The ‘debate’

This ‘debate’ was surely among the most embarrassing events in the history of US politics. It was also, among other things, a reminder to the world and to Americans that the strength and quality of democracy in any country cannot be taken for granted; it must be assiduously protected and promoted.

What the American people got, instead, was a cold reminder of the fact that their democracy has been poisoned. The event itself was less a debate than a marathon of angry ranting, mostly from Mr. Trump. For example, the shouting (I will not say discussion) rarely touched on the issues that count most to Americans and to those concerned about America’s future and its future global role.

Trump is unquestionably among the most poorly suited candidates for the presidency in US history (serial liar, molester, racist, slumlord… ). His rise to cusp of the presidency is a reflection of the frustration among large segments of the US population, which is real.

The current state of affairs, and especially the rise of Trump to this point, is also an indictment of the US media, which has utterly and shamefully failed to live up to its responsibilities; they have repeatedly fallen for Trump’s constant stream of lies.

They have failed to act collectively and have produced a public risk (or public bad) because the self-interested economics of contemporary media says that TV ratings and screen views are more important than substance and truth: Better report on the things Trump says — which is frequently a mix of lies and insults that play on racism and economic fears– than bore us with thoughtful and thorough analysis of real issues. This, sadly, is a key feature of political discourse in our commeicalized digital age.

These are two unpopular candidates. Keep in mind that just 14 percent of eligible adults — 9 percent of the whole nation — voted for either Mr. Trump or Mrs. Clinton in the primaries.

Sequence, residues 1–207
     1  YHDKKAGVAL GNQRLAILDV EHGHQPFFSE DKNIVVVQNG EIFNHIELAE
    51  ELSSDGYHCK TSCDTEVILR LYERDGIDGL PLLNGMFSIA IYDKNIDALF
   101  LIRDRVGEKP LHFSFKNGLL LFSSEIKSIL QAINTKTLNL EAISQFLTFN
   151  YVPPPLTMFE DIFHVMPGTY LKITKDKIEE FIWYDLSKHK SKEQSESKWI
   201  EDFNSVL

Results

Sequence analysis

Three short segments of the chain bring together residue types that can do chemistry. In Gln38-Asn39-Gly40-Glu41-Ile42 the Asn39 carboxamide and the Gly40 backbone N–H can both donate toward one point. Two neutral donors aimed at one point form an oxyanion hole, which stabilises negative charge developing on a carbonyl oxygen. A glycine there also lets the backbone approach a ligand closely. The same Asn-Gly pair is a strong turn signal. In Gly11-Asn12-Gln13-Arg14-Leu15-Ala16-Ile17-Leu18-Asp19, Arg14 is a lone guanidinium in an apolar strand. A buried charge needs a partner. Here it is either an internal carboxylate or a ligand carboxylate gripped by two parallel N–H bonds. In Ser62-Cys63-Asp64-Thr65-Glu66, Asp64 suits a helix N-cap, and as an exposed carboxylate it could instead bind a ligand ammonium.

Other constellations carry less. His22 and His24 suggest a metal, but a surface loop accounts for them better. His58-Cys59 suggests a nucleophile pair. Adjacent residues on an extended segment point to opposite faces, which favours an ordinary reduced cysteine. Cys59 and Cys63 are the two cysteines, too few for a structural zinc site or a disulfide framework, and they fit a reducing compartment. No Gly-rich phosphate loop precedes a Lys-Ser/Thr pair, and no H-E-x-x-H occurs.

While Trump’s claim that the US political and economic system are ‘rigged’ is not entirely wrong, his claim to represent the interests of average Americans is indescribably absurd. Trump’s constant efforts to draw votes from among the supporters of the unsuccessful democratic candidate Bernie Sanders reflects the reality that, among all candidates, it was Sanders’ agenda that was closest to representing the interests of middle and low-income American households. In Clinton and Trump US voters have an unhappy choice of voting for the status quo (Clinton) or the unthinkable (Trump).

Fortunately for America and the planet, it appears Trump’s chances are in decline. While it would be foolish to assume that Clinton will win (anything is possible, especially in this election), Trump has shown the world and Americans what a truly vile person he is.

On the released recording, his were the words of a true sexual predator and one who truly believes he is above the law, whether it comes to paying his income taxes or groping women. It is hard to imagine how many people – especially women and those who respect women – would be comfortable voting for him.

Trump’s main objective in Sunday’s ‘debate’ was to distract American’s from what he truly stands for. In this may have succeeded to a certain extent – mainly by hurling insults in Hillary Clinton’s direction and Clinton’s unrelenting reminders that she often does not mean what she says.

Americans were shocked but not surprised by the Trump sex audio. At the same time Clinton was lucky the sex audio was released when it was, as the leak of her private remarks in paid speeches to special interest groups such as Goldman Sachs were a reminder of a severe shortcoming of Clinton: her tendency to try to hide her embarassingly pro-business views. She is a real Clinton (i.e. big-business) democrat.

Overall, Americans are in a difficult position. They are proud of their country but are angry and ashamed about the state of their politics, as they should be. One can understand logically why certain large groups of poorly informed and naïve Americans were drawn to Trump and his angry nationalism and racism.

Unfortunately for  Trump, he has a hard time concealing what a corrupt, disingenuous, and dangerous person he really is. Ironically, then, it is Trump’s amateurishness and gall and unrelenting megalomania that may save America from his fascism. This shows just how vulnerable America’s democracy has become.

If there is any hope to be had it is in the chance that American will learn from this episode and move toward a politics that more substantively addresses the needs of Americans and the broader international community. If not, we’re all in trouble.